When pirate raids threaten to destabilize the region, the RAW deploys its mechanized armored infantry to deal with the situation. Leading the assault is Marine Corps Lieutenant and Montanan expatriate Promise Paen of Victor Company. Years earlier, Promise was driven to join the Marines after her father was killed by such a raid. Payback is sweet, but it comes at a tremendous and devastating cost. And Promise is in no way happy to be back on her birthworld, not even when she is hailed as a hero by the planet’s populace, including its colorful president. Making matters even worse: Promise is persistently haunted by the voice of her dead mother.

Meanwhile, the RAW’s most bitter rival, the Lusitanian Empire, has been watching events unfold in the Montana system with interest. Their forces have been awaiting the right moment to gain a beachhead in Republic territory, and with Promise’s Marines decimated, they believe the time to strike is now.

Unbreakable by W.C. Bauers is character driven, military science in the tradition of John Scalzi’s Old Man’s War.

The Whispering Swarm by Michael Moorcock

The Whispering Swarm (The Sanctuary of the White Friars #1) by Michael Moorcock

The Whispering Swarm will be released on January 13 (hardcover and ebook with audiobook release on February 10). An excerpt from this upcoming novel is available on Tor.com.

 

Back in the Thirteenth Century, King Henry III granted a plot of land in the heart of London to an order of Friars known as the Carmelites. In return, they entered into a compact with God to guard a holy object. This sanctuary became a refuge for many of ill-repute, as the Friars cast no judgment and took in all who were in search of solace.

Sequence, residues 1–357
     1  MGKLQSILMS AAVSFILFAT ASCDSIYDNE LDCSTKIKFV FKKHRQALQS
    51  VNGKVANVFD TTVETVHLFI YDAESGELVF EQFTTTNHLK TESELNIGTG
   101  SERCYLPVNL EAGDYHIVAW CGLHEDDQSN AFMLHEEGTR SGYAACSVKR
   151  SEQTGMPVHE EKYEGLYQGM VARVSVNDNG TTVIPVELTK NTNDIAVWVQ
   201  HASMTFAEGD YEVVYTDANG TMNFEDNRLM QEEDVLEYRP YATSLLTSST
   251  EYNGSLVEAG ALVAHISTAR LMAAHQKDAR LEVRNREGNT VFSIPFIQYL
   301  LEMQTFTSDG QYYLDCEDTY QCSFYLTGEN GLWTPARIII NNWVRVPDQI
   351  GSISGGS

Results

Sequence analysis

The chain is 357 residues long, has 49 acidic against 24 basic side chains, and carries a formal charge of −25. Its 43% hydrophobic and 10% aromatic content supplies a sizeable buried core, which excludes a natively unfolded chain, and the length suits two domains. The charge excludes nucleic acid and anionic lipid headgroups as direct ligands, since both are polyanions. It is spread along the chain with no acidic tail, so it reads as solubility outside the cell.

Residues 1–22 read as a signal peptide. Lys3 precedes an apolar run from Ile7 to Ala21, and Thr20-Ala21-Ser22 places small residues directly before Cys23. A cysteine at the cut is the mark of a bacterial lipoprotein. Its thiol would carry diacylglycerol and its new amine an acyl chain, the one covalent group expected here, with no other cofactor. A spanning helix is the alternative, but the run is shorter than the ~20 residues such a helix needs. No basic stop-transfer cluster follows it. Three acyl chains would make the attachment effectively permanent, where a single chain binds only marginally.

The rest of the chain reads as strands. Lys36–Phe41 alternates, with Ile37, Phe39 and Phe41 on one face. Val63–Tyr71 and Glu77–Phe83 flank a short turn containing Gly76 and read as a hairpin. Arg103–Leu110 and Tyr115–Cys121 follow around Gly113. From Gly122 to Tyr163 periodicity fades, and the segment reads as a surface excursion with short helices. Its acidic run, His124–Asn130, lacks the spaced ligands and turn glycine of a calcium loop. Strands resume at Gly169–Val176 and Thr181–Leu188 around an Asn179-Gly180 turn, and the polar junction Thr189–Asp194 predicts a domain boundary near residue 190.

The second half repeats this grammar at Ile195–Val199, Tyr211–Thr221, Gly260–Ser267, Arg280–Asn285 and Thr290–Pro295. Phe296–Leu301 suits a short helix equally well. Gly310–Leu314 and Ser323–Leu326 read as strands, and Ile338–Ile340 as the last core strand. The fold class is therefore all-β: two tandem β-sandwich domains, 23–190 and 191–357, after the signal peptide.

Known as Alsatia, it did not suffer like the rest of the world. No Plague affected it. No Great Fire burned it. No Blitz destroyed it. Within its walls lies a secret to existence – one that has been kept since the dawn of time – a bevy of creation, where reality and romance, life and death, imaginary and real share the same world.

One young man’s entrance into this realm sends a shockwave of chaos through time. What lies at the center of this sacred realm is threatened for the first time in human existence.

Science fiction and fantasy legend Michael Moorcock launches his first new trilogy in ten years with The Whispering Swarm.